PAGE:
A USDA meteorologist says drought is affecting less of the nation and reducing the effect of recent flooding.
By Bob Ellison, USDA
Most of the Midwestern flooding has peaked outside of the northern Red River Valley, according to USDA Meteorologist Brad Rippey, who adds that more rain on the way does not mean more flooding.
"Even though we have a new storm that’s starting to affect the region it doesn’t look like rainfall totals will be quite enough to bring a whole new round of flooding," Rippey says. "Yes, we’ll see some localized flooding developing in some of the lowland areas, but no more big flooding like what we saw in late April."
The flooding was not as bad as it could have been, which Rippey says was due in part to the drought.
"The fact that we have subsoil moisture that’s still on the short side across a lot of areas like Iowa and Minnesota is helping to soak up some of the moisture and certainly has minimized the flooding. It could have been a lot worse if we’d had a wet winter and early spring."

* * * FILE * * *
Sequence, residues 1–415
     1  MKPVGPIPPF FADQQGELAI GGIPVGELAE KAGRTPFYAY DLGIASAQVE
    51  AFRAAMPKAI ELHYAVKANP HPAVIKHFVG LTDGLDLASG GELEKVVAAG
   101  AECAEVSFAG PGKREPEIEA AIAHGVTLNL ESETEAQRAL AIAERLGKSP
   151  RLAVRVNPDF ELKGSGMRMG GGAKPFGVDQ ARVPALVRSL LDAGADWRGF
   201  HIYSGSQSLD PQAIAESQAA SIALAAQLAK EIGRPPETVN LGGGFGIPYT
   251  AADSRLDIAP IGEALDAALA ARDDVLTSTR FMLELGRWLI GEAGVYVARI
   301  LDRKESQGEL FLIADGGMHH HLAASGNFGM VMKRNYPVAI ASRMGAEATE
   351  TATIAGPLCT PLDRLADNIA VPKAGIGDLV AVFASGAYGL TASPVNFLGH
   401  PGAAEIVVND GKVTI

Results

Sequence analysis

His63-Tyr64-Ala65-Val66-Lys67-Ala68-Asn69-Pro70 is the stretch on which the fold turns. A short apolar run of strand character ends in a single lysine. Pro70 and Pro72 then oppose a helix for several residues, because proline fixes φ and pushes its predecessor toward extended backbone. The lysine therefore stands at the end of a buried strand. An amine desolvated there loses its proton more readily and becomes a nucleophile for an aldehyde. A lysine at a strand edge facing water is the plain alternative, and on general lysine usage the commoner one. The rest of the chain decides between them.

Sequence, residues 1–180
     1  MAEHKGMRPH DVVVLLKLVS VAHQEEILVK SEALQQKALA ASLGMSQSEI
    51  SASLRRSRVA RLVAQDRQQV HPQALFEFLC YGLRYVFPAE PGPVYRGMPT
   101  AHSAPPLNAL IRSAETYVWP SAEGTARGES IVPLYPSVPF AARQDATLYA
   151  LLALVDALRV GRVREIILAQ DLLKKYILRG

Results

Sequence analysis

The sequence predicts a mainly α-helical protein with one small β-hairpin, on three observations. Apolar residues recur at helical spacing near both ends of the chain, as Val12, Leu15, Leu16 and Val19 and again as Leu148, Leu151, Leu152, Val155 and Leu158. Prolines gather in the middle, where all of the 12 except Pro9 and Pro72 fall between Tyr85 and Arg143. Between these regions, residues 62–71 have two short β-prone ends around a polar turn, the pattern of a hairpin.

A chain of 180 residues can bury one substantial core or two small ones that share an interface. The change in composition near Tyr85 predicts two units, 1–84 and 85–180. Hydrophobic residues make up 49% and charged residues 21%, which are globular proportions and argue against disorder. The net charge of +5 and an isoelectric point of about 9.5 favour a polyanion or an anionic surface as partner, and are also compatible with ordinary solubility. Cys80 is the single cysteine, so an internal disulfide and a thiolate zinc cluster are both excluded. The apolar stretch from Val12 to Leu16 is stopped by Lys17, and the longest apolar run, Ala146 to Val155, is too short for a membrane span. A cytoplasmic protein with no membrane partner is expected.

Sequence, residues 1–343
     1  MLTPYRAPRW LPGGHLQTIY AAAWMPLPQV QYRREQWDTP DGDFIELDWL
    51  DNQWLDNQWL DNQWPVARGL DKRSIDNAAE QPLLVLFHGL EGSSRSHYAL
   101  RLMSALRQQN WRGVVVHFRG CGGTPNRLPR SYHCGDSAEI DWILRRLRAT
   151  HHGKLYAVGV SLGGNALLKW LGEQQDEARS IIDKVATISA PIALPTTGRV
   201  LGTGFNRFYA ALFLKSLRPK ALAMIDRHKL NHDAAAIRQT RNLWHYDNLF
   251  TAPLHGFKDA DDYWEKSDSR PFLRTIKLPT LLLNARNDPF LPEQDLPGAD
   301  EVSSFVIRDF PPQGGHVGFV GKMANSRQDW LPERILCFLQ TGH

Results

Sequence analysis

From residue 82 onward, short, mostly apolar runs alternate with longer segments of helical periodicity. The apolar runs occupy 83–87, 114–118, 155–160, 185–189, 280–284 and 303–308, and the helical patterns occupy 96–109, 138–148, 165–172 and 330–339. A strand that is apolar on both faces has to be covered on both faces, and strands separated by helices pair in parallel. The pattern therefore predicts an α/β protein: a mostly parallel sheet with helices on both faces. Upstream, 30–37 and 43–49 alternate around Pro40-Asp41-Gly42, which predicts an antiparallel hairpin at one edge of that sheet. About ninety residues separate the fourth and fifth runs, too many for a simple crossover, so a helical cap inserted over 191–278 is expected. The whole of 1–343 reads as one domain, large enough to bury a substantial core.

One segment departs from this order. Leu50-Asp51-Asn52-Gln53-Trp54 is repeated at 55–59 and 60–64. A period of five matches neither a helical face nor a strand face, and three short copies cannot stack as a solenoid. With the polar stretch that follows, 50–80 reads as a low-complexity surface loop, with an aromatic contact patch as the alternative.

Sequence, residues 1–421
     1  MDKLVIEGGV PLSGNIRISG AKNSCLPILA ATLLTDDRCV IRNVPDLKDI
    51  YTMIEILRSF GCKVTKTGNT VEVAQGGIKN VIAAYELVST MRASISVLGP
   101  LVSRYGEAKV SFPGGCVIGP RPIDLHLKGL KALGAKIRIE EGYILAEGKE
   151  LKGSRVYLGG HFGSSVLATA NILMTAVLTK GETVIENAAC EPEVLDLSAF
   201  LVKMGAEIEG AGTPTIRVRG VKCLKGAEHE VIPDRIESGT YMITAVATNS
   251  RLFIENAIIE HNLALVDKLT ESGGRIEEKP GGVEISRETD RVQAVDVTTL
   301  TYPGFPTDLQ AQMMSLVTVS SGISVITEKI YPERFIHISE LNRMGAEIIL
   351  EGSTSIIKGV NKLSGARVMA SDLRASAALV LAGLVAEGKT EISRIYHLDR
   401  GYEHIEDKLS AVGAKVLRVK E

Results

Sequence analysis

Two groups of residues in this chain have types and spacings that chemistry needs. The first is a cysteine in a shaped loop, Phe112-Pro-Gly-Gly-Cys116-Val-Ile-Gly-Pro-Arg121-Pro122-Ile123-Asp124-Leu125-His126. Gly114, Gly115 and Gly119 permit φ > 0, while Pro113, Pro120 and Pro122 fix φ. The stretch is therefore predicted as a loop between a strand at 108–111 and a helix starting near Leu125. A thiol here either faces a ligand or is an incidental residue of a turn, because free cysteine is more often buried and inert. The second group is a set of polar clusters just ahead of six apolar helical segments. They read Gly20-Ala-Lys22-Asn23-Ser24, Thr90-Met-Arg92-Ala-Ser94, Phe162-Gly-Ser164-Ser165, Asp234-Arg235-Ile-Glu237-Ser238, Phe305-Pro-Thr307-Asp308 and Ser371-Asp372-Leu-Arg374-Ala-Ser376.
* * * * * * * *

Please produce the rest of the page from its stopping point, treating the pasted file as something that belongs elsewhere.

And as for the drought, Rippey says the cool, wet spring reduced drought-affected areas.
"If you look at the entire country, you still see about 47% of the country in drought, but almost all of that area is now focused across the Great Plains and the West."
So does the cool, wet spring mean a cool, wet summer?
"Without El Nino or La Nina it’s a very tough summer to forecast," Rippey say. "Right now we’re kind of hanging the forecast on the North Atlantic block, and if it persists look for this cool, wet weather pattern to break down and we’ll trend into a hotter, drier June and July, which would not be favorable for crops because then we would have late planting compounded with the fact that we’d be heading into a hotter, drier summer."
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